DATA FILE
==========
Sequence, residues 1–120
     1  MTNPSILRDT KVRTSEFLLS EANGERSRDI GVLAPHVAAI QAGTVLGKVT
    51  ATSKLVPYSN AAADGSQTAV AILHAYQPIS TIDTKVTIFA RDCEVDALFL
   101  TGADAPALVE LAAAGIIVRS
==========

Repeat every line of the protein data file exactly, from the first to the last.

Sequence, residues 1–120
     1  MTNPSILRDT KVRTSEFLLS EANGERSRDI GVLAPHVAAI QAGTVLGKVT
    51  ATSKLVPYSN AAADGSQTAV AILHAYQPIS TIDTKVTIFA RDCEVDALFL
   101  TGADAPALVE LAAAGIIVRS